Tumours with an immunosuppressive microenvironment respond poorly to therapy. Activation of the stimulator of interferon genes (STING) pathway can enhance intratumoural immune activation, but STING agonists are associated with high toxicity and degrade prematurely, which limits their effectiveness. Here, we show that the extended intratumoural release of the STING agonist cyclic di-AMP transforms the tumour microenvironment from immunosuppressive to immunostimulatory, increasing the efficacy of antitumour therapies. The STING agonist was electrostatically complexed with nanotubes comprising a peptide–drug conjugate (a peptide that binds to the protein neuropilin-1, which is highly expressed in tumours, and the chemotherapeutic agent camptothecin) that self-assemble in situ into a supramolecular hydrogel. In multiple mouse models of murine tumours, a single low dose of the STING agonist led to tumour regression and increased animal survival, and to long-term immunological memory and systemic immune surveillance, which protected the mice against tumour recurrence and the formation of metastases. Locally delivered STING agonists could help to reduce tumour immunosuppression and enhance the efficacy of a wide range of cancer therapies.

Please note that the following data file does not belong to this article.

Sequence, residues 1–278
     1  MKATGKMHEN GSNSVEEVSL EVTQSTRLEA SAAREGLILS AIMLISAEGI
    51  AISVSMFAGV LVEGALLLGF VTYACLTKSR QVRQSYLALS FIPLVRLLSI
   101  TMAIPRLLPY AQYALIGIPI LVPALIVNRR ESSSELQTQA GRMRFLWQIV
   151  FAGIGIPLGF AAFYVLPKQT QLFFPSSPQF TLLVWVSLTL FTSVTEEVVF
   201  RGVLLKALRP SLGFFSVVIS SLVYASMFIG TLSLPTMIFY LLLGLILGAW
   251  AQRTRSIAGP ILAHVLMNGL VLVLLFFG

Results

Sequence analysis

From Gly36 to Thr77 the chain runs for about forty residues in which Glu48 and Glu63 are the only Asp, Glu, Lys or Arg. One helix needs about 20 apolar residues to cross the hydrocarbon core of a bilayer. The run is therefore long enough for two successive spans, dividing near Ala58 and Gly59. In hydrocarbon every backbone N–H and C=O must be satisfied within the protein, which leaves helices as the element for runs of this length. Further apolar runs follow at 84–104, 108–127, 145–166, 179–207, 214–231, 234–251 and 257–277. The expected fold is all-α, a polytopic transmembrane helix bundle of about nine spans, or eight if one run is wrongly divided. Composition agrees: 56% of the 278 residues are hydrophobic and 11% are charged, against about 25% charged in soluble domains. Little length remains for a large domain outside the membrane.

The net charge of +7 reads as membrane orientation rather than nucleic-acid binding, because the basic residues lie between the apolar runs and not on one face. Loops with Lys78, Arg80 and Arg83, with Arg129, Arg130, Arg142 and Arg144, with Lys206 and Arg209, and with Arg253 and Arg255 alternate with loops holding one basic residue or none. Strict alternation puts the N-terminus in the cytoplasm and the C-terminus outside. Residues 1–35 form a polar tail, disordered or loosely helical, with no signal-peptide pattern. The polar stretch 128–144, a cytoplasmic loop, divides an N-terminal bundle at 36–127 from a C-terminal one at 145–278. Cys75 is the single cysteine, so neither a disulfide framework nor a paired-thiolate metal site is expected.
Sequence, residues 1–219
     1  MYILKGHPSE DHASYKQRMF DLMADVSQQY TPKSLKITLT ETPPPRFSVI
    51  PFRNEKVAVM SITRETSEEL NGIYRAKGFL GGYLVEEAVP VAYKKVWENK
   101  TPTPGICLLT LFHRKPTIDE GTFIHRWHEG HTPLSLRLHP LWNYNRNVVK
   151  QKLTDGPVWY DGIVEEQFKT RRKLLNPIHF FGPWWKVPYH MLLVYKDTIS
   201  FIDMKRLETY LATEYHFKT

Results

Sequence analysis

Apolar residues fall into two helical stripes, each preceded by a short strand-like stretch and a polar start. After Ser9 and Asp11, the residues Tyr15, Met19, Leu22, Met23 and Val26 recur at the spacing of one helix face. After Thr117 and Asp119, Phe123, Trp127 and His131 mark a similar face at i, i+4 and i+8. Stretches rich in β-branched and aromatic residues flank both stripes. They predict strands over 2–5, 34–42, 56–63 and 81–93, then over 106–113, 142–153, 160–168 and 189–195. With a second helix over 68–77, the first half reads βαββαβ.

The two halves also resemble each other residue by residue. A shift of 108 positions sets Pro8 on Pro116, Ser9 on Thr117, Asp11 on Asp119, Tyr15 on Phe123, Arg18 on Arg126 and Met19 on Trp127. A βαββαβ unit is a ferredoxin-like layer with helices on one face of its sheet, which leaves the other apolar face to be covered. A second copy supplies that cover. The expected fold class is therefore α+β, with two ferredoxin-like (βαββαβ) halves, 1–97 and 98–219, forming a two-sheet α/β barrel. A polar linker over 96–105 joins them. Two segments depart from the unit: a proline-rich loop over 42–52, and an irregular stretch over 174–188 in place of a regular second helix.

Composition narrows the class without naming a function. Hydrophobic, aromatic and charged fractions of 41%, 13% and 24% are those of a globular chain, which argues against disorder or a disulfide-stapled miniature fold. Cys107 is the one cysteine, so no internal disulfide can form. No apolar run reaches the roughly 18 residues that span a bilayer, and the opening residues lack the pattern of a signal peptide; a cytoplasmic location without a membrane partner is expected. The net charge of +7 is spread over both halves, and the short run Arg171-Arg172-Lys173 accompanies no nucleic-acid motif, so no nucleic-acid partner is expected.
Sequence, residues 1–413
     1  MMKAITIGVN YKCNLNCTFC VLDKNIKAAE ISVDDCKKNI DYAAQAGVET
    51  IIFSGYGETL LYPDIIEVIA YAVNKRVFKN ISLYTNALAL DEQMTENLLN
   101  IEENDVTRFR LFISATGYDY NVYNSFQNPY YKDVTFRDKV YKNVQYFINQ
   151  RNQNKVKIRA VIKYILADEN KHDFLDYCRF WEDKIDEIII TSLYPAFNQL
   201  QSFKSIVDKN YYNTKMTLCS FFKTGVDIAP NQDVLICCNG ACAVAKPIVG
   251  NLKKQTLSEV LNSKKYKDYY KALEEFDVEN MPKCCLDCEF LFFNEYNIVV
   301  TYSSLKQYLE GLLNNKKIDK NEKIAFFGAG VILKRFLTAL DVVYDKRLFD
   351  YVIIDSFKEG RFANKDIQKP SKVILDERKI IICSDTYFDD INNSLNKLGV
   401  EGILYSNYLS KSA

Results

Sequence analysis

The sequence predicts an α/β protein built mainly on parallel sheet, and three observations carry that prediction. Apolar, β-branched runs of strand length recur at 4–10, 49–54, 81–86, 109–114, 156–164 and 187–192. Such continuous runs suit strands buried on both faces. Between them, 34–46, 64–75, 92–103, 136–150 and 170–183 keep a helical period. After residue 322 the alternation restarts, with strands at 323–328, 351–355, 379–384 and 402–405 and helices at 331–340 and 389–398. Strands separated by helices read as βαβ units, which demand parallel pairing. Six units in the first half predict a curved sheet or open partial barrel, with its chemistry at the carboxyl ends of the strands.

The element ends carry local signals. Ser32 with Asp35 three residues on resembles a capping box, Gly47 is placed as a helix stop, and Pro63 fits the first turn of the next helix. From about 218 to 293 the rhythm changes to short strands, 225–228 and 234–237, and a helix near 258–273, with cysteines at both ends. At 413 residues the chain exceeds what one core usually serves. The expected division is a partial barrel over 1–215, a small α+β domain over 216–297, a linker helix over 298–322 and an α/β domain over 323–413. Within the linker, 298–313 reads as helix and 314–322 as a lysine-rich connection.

ASJC Scopus subject areas
- Medicine (miscellaneous)
- Biomedical Engineering
- Computer Science Applications